Do CIs Avoid Fallacies of Tests? Reforming the Reformers

The one method that enjoys the approbation of the New Reformers is that of confidence intervals (See May 12, 2012, and links). The general recommended interpretation is essentially this:

For a reasonably high choice of confidence level, say .95 or .99, values of µ within the observed interval are plausible, those outside implausible.

Geoff Cumming, a leading statistical reformer in psychology, has long been pressing for ousting significance tests (or NHST[1]) in favor of CIs. The level of confidence “specifies how confident we can be that our CI includes the population parameter m (Cumming 2012, p.69). He recommends prespecified confidence levels .9, .95 or .99:

“We can say we’re 95% confident our one-sided interval includes the true value. We can say the lower limit (LL) of the one-sided CI…is a likely lower bound for the true value, meaning that for 5% of replications the LL will exceed the true value. “ (Cumming 2012, p. 112)[2]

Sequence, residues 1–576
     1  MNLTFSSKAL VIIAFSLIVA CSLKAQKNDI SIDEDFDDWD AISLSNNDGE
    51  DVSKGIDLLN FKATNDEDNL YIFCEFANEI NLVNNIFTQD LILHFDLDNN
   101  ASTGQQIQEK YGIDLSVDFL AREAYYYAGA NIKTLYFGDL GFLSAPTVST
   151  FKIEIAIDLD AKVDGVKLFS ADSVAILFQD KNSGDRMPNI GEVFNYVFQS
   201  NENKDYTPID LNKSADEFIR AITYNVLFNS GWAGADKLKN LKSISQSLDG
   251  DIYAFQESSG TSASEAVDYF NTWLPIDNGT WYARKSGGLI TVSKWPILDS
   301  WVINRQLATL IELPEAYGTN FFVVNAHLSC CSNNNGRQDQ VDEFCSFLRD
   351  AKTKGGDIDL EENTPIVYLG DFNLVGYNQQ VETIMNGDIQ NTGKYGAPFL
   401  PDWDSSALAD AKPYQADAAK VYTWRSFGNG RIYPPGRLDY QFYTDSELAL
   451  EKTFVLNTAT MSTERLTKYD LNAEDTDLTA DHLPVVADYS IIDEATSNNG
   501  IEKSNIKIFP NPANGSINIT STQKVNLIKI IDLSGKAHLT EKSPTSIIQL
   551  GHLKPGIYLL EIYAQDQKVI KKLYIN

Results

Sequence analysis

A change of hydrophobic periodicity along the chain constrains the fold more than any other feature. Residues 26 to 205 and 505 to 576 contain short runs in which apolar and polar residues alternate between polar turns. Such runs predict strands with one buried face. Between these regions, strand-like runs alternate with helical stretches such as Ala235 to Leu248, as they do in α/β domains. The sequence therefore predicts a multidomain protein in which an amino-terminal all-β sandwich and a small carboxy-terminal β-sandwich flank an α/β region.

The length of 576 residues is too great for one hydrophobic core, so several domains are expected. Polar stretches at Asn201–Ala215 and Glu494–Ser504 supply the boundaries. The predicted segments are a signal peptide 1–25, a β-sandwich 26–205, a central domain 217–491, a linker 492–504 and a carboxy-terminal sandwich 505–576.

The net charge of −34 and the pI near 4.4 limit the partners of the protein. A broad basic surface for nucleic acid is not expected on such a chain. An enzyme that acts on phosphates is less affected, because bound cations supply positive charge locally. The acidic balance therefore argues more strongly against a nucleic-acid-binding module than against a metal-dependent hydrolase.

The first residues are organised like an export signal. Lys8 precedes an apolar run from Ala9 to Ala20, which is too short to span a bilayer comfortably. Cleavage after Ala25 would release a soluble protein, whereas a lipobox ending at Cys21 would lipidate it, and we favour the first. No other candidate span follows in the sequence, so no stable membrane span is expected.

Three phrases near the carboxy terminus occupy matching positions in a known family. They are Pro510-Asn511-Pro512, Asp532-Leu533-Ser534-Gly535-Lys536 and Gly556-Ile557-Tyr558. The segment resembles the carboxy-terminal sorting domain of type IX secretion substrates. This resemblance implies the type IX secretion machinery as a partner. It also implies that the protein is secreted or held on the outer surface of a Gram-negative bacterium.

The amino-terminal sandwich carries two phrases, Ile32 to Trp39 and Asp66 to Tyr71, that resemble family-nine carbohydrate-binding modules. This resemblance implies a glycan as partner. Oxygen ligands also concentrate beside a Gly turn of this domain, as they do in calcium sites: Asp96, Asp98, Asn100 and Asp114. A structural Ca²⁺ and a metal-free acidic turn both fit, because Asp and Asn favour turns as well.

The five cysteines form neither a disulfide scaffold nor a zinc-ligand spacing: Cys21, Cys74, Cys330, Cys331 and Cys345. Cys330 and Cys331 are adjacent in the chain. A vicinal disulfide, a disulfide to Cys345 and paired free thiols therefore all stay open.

For simplicity, I will use the 2-standard deviation cut-off corresponding to the one-sided confidence level of ~.98.

However, there is a duality between tests and intervals (the intervals containing the parameter values not rejected at the corresponding level with the given data).[3]

“One-sided CIs are analogous to one-tailed tests but, as usual, the estimation approach is better.”

Is it?   Consider a one-sided test of the mean of a Normal distribution with n iid samples, and known standard deviation σ, call it test T+.

H0: µ ≤  0 against H1: µ >  0 , and let σ= 1.

Test T+ at significance level .02 is analogous to forming the one-sided (lower) 98% confidence interval:

µ > M – 2(1/ √n ).

where M, following Cumming, is the sample mean (thereby avoiding those x-bars). M – 2(1/ √n ) is the lower limit (LL) of a 98% CI.